I hate weekday mornings. Even on the days that I go in late they suck. I wake up about an hour before the kids. The dogs get let out first and then I fix my cup of coffee, do my makeup, and get dressed. My goal is to do all of this BEFORE the kids are up. Mornings are hard for the hubby. His muscles and bones hurt and they take time to warm up before he can stand without being in excruciating discomfort. When he hears Jackson’s door open he turns on one of the morning movies or Bluey. Jackson drinks his morning bottle and soaks up the dad snuggles. Josie is usually already in the bed since her early morning nurse is around 4. By now my cup of coffee is half gone and cold. I’ll go top it off with some fresh coffee and join the bed crew. I will sit and enjoy the coffee and snuggles for a little bit before my feet hit the floor again. This is where time hits hyper speed. I’m not sure where these minutes go but I’m convinced I’m walking through knee high mud. We tag team getting the kids dressed and now the race is on. I start the car and load Josie first. I pop her pacifier in and kiss her forehead. When I walk in the door I cross my fingers that Jackson hasn’t left me a morning diaper surprise and chase him around the island before catching him. I get him loaded up and give him his morning snack and his juice (watered down propel) and turn on Noodle Loaf. Side note – Noodle Load is an adorable podcast for little ones. Now I go back inside and grab all the stuff I forgot with my 3 trips to the car. I kiss the hubby and out the door I go again. I never take into the opening and shutting of the gate so 90% of the time I’m pulling out of the driveway like Cruella Deville in 101 Dalmatians. I set my cruise because no one has time to get pulled over when we are already running behind. I drop Bubbies off at school, kid his forehead, and dash for the door before I can hear his cries. Then sister and I race to the gym to coach. Jackson’s new school is a bit further away and there are several schools between there and the gym. I have yet to find a route that isn’t packed with school traffic. My ONLY saving Grace each coaching morning is class has an unofficial start time at 8:05 so all the mamas have time to drop the kiddos off and drive reasonably to the gym. Every morning I am disappointed in myself. I replay the rat race within the last 20 minutes of the morning and think to myself… I yelled too much, I got mad at the dogs for being under my feet, my husband is staring at me like I’m insane, and my coffee is still sitting in the microwave. Each day I try to do it differently. I’ve laid clothes out, I’ve packed the car the night before, and countless other tricks. Nothing works to get us out the door early and barely on time. I have flashbacks from my childhood and just feel so bad for my mom. I was a brat in the morning (some might say that hasn’t changed). I can only think to myself that this is the universe giving me what I gave her. If you see a person with kids in their car in the morning please be kind. You don’t know how many times they had to change their clothes, cut toast squares, or how many battles were lost before getting in the car. Smile and nod and just know that if they seem frazzled they probably are but it has nothing to do with you.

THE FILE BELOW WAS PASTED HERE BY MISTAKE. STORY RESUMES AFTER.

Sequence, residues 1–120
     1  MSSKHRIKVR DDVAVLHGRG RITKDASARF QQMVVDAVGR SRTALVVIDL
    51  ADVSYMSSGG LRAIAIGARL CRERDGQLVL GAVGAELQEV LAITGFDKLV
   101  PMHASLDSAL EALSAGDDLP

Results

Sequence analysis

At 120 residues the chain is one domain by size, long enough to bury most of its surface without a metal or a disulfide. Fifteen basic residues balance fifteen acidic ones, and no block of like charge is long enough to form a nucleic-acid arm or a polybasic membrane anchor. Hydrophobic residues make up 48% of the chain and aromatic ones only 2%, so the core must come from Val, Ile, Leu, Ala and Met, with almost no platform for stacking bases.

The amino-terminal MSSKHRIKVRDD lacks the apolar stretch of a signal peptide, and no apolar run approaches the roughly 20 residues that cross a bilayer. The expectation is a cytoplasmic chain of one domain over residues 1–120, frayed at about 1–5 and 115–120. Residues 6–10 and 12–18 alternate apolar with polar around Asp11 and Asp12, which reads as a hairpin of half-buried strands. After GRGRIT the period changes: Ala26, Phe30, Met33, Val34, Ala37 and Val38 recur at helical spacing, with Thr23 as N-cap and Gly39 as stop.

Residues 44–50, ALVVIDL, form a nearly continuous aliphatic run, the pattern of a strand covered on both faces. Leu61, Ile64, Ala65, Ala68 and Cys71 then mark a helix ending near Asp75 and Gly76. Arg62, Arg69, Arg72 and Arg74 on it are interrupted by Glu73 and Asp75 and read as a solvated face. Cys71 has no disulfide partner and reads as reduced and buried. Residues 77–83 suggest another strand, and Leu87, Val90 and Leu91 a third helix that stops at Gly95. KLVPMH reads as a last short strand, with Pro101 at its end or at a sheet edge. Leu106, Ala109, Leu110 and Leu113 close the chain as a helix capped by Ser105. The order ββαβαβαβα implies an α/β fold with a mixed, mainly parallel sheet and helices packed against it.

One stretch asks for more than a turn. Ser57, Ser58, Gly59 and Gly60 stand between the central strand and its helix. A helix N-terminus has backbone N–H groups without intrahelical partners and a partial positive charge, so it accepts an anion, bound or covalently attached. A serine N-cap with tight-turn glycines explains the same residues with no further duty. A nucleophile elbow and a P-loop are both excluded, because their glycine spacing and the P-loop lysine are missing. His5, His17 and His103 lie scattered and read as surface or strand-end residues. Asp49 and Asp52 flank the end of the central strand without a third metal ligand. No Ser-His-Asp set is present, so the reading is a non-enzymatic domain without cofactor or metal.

The flip side to all of this. I love weekend mornings! Jackson is in a cinnamon roll phase so I start a fresh batch when I wake up and start my coffee. We all 7 (4 humans and 3 puppers) all pile up in bed and watch movies. About 10ish Jackson has had enough and we migrate to the living room or outside until lunch time. It’s chicken nugget time!! Then nap for the Bubs and then we pile up in bed again until he gets up. We usually spend the afternoons outside and then I start on dinner. Then we do it all again on Sunday ♥️
2 thoughts on “Madhouse Mornings”
Nice to catch up with the happenings in the Fritzipoo household. Don’t beat yourself up! I always reassure myself, whenever I feel like a bad parent, that I’m a “good enough parent.” It’s easier to live up to!
Great story. You describe what we have all lived:). You
are doing just fine. I (we) are proud of you